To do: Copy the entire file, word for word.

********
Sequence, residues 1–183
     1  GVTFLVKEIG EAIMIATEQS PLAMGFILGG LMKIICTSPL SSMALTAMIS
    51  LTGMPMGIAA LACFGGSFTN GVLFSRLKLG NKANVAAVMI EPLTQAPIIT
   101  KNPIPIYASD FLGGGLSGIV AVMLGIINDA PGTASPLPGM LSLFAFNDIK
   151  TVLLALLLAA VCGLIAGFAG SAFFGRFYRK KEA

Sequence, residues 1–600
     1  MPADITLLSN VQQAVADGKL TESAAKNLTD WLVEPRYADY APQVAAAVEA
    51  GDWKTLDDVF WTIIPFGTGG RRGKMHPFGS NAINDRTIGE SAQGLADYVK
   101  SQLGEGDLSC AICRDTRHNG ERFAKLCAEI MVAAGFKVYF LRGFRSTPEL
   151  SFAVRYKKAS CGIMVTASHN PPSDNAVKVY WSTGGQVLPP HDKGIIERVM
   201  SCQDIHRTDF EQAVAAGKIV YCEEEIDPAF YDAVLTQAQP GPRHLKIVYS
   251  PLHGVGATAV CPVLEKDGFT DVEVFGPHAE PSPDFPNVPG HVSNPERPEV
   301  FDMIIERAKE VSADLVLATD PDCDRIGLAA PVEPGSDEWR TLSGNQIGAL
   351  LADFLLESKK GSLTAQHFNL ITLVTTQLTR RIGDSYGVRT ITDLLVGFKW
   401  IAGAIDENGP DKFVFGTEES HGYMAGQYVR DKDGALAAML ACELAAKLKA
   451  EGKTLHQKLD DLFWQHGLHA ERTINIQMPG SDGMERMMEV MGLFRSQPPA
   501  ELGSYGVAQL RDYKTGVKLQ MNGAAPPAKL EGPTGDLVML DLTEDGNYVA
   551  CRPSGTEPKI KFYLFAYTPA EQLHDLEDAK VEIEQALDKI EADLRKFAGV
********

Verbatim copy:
Sequence, residues 1–183
     1  GVTFLVKEIG EAIMIATEQS PLAMGFILGG LMKIICTSPL SSMALTAMIS
    51  LTGMPMGIAA LACFGGSFTN GVLFSRLKLG NKANVAAVMI EPLTQAPIIT
   101  KNPIPIYASD FLGGGLSGIV AVMLGIINDA PGTASPLPGM LSLFAFNDIK
   151  TVLLALLLAA VCGLIAGFAG SAFFGRFYRK KEA

Sequence, residues 1–600
     1  MPADITLLSN VQQAVADGKL TESAAKNLTD WLVEPRYADY APQVAAAVEA
    51  GDWKTLDDVF WTIIPFGTGG RRGKMHPFGS NAINDRTIGE SAQGLADYVK
   101  SQLGEGDLSC AICRDTRHNG ERFAKLCAEI MVAAGFKVYF LRGFRSTPEL
   151  SFAVRYKKAS CGIMVTASHN PPSDNAVKVY WSTGGQVLPP HDKGIIERVM
   201  SCQDIHRTDF EQAVAAGKIV YCEEEIDPAF YDAVLTQAQP GPRHLKIVYS
   251  PLHGVGATAV CPVLEKDGFT DVEVFGPHAE PSPDFPNVPG HVSNPERPEV
   301  FDMIIERAKE VSADLVLATD PDCDRIGLAA PVEPGSDEWR TLSGNQIGAL
   351  LADFLLESKK GSLTAQHFNL ITLVTTQLTR RIGDSYGVRT ITDLLVGFKW
   401  IAGAIDENGP DKFVFGTEES HGYMAGQYVR DKDGALAAML ACELAAKLKA
   451  EGKTLHQKLD DLFWQHGLHA ERTINIQMPG SDGMERMMEV MGLFRSQPPA
   501  ELGSYGVAQL RDYKTGVKLQ MNGAAPPAKL EGPTGDLVML DLTEDGNYVA
   551  CRPSGTEPKI KFYLFAYTPA EQLHDLEDAK VEIEQALDKI EADLRKFAGV